Somerville v. SOAS
In my preview of the semis my predictions basically boiled won to two things – namely, that whatever happened, Trinity would reach the final, and SOAS wouldn’t. That’s a bit harsh isn’t it? Sorry. Well, the fact is that last week, Trinity did fulfill the first part of the prediction. The SOAS team would be doing their very best to ensure that the second part didn’t come true. Maeve Weber, Luke Vivian-Neal, James Figueroa and their captain Peter McKean, beat surprise package Southampton in the first round, and then knocked out Reading in the second. In their own first quarter final match they comprehensively beat Cardiff. However the might of Trinity overwhelmed them in their first quarter final, before they won their semi-final slot against a resurgent Queen’s University Belfast. Don’t think that I was underestimating them in any way, please, but I just fancied that the Somerville team had a little more firepower. Sam Walker, Zach Vermeer, Chris Beer and their skipper Michael Davies eventually overcame Clare, Cambridge in a close contest in their first quarter final match, and defeated our boys from Southampton to win their place in the semis. Along with Trinity they were the only other unbeaten team left in the competition.
So much for the niceties. The first starter asked about the treaty banning activities in Antarctica. Chris Beer, so good on the buzzer in the quarters, was in far too early, allowing James Figueroa to take first blood. A set of bonuses on Malthus were all gettable, and they managed 1 of them. For the second starter it was a question of wait, wait, wait and then race for the buzzer when you heard the words “British singer who died aged 27 –“. James Figueroa won that race, to earn a set on much quoted incidences of the word ‘famous’. I had the same two of these that the team managed. Sam walker held his head in his hands after buzzing in too early on a chemical element. Had he waited, and heard the words – which derives its name from the Greek for colour – he might well have had chromium, which instead fell to Maeve Weber. Bonuses on astronomy were by no means easy, and SOAS managed one of them. Nobody knew the term folk etymology which denotes widely and wrongly held beliefs about derivation of certain words and phrases. Now, if you’re asked for a pope of the 16th century, you’ll be right more often than you’re wrong if you answer Alexander VI/Roderigo Borgia. Zach Vermeer gave us the former, and was right to do so, thus bringing his team’s score back to where it had been at the start of the contest. They took themselves into the black with a couple of bonuses on St. Pancras Old Churchyard. The picture starter showed a graph representing the distribution of seats in a recent election in a European country. Zach Vermeer knew it was Spain. Three more of the same brought 2 more bonuses. So just after the ten minute mark Somerville had clawed back quite a bit of SOAS’ early lead, although SOAS still led by 55 to 30.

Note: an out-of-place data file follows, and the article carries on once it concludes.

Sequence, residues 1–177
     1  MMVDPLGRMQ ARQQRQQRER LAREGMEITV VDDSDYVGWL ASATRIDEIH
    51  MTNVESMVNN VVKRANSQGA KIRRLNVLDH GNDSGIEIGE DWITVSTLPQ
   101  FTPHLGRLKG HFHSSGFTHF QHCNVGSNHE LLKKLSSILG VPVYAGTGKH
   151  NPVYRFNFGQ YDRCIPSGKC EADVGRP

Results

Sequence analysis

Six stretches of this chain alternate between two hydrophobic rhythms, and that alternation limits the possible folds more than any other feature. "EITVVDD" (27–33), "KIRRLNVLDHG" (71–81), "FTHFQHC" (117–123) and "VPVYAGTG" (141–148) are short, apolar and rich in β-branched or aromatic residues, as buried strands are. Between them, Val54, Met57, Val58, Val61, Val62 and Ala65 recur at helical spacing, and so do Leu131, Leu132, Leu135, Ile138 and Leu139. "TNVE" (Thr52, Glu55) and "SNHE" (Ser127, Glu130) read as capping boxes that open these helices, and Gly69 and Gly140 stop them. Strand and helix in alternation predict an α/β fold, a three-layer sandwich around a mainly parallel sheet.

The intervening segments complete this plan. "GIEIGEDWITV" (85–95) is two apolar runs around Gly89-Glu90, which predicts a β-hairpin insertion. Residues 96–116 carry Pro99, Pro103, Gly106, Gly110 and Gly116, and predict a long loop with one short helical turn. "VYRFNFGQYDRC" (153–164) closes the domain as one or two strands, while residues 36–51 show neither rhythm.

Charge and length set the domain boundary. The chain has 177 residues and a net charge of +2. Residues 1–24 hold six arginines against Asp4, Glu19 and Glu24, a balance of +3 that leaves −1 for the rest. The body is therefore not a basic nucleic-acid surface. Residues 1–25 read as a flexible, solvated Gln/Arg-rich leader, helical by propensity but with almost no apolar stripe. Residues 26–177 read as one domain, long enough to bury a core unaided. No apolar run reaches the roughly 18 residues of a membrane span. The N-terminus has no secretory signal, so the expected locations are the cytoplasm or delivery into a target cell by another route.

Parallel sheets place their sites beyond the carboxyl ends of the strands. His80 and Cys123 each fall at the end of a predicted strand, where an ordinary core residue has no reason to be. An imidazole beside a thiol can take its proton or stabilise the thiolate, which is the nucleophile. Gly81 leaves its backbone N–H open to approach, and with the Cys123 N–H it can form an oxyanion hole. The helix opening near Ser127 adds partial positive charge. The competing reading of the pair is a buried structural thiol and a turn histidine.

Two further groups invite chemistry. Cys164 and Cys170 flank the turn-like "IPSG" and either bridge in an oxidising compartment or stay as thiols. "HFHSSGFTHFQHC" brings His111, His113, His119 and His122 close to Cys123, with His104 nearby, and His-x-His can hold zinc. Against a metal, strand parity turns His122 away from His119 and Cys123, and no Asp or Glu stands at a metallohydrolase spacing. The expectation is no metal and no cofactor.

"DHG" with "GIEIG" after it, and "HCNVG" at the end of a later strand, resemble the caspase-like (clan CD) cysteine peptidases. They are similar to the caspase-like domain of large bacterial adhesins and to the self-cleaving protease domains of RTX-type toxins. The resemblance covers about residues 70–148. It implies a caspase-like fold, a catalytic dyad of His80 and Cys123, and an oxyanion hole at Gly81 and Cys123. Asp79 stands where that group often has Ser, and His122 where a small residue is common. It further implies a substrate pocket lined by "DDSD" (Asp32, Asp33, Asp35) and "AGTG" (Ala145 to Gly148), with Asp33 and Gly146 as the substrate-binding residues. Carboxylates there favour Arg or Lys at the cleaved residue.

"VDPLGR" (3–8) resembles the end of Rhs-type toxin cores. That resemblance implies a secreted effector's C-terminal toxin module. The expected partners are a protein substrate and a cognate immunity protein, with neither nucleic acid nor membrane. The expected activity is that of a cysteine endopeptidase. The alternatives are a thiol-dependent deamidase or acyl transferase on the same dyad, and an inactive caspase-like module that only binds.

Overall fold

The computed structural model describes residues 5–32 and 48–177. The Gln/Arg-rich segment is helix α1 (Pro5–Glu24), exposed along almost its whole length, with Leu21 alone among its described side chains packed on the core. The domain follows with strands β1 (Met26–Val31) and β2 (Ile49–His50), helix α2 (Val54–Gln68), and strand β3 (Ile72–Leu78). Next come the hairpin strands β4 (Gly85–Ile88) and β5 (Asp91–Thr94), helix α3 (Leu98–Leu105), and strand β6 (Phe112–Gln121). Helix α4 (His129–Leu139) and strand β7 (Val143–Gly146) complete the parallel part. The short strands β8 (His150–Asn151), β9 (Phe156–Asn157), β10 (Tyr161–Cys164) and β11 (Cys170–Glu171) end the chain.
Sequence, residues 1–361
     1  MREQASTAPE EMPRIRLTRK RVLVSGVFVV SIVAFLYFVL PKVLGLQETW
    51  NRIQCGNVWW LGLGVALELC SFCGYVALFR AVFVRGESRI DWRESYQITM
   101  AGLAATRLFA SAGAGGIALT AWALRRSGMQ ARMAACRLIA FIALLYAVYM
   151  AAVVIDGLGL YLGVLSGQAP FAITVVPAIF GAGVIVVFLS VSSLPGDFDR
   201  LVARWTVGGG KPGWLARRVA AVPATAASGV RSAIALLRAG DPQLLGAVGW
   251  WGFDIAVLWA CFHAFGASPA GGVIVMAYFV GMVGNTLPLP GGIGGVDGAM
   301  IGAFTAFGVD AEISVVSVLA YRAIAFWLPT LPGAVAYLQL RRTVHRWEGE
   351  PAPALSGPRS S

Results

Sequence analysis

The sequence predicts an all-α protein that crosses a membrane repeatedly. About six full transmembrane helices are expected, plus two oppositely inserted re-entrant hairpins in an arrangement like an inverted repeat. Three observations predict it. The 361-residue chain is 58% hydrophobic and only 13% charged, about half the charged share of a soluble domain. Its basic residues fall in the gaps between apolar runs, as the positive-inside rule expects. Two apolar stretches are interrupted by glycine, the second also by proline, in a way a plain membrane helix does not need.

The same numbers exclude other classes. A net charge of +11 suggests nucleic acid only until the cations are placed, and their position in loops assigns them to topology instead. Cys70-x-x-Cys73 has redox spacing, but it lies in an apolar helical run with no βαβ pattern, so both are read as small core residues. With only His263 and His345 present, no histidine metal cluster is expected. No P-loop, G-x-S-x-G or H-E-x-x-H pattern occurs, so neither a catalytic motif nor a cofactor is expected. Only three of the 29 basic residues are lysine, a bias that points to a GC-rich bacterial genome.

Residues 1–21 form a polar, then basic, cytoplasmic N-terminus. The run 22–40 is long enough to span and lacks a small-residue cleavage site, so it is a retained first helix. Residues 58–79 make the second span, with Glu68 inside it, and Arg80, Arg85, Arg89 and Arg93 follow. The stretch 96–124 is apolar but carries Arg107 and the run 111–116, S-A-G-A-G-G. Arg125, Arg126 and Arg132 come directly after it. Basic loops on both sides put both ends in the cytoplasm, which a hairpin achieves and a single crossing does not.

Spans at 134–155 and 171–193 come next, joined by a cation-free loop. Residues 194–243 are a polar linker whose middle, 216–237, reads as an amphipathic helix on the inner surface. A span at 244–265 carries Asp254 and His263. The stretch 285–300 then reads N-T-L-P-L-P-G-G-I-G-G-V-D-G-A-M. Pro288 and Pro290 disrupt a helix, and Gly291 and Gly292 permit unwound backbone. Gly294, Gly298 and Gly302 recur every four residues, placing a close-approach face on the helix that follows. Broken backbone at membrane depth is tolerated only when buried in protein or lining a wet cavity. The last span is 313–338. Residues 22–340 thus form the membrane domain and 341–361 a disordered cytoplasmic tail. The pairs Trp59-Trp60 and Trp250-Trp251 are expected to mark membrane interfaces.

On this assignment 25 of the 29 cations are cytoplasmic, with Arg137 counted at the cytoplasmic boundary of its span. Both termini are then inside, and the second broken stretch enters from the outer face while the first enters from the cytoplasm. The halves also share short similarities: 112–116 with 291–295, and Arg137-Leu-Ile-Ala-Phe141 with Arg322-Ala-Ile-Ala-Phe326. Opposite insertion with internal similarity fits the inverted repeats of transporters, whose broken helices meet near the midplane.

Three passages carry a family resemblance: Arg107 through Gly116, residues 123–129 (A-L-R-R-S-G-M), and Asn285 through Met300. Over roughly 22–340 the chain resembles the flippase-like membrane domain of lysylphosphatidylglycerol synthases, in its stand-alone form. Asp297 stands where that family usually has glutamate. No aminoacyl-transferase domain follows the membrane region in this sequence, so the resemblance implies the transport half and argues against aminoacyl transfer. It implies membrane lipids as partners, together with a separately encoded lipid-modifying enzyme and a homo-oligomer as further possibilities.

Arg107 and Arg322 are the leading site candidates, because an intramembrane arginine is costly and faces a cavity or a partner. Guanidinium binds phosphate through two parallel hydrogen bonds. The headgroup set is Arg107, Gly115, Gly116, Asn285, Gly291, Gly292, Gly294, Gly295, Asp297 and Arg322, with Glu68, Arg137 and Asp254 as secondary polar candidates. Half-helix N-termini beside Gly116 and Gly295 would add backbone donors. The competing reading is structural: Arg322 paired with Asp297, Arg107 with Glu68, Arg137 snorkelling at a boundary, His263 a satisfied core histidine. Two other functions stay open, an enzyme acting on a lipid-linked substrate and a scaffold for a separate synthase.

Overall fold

I didn’t really get the next question, but Chris Beer did with Mayard. Bonuses on Phillipe Starck took Somerville to 50. Thus warmed up now, Chris Beer knew that clues to the words circle, Piccadilly, Victoria and others gave clues to the names of London Underground line names. Ford Maddox Brown brought a full set, and Somerville were now 20 points ahead of SOAS. Some geometry maths thing came next. Nobody had it. The next question asked for a frequent collaborator with Dickens. I thought it was Wilkie Collins – oh, alright, I knew it was Wilkie Collins. Chris Beer had a decent stab with Bulwer-Lytton, but lost five for his pains. Maeve Weber came up with the goods and earned bonuses on information dispersal. One correct answer took them back to level pegging with Somerville. The music starter came next and Chris Beer recognized Saint Saens’ Danse Macabre. More pieces of music intended to invoke the macabre brought Somerville another five points. I’ll be honest, the only one I recognized was Bach’s Toccata and Fugue. (The ‘Rollerball’ Music). A quote from Stalin brought Sam Walker a starter, and Somerville a set on ophthalmology. They didn’t convert any of these into points. I surprised myself by knowing diopter. After a miscue by SOAS, Chris Beer knew a language family named after the Urals. Bonuses on squirrels in literature were enough to take Somerville’s score up to 115. SOAS, on the other hand, were back on 55, and allowing for miscues had managed just the one starter and one bonus in the previous ten minutes. Unless they suddenly found a turbo charged finished, it looked as if Somerville were on their way to the final.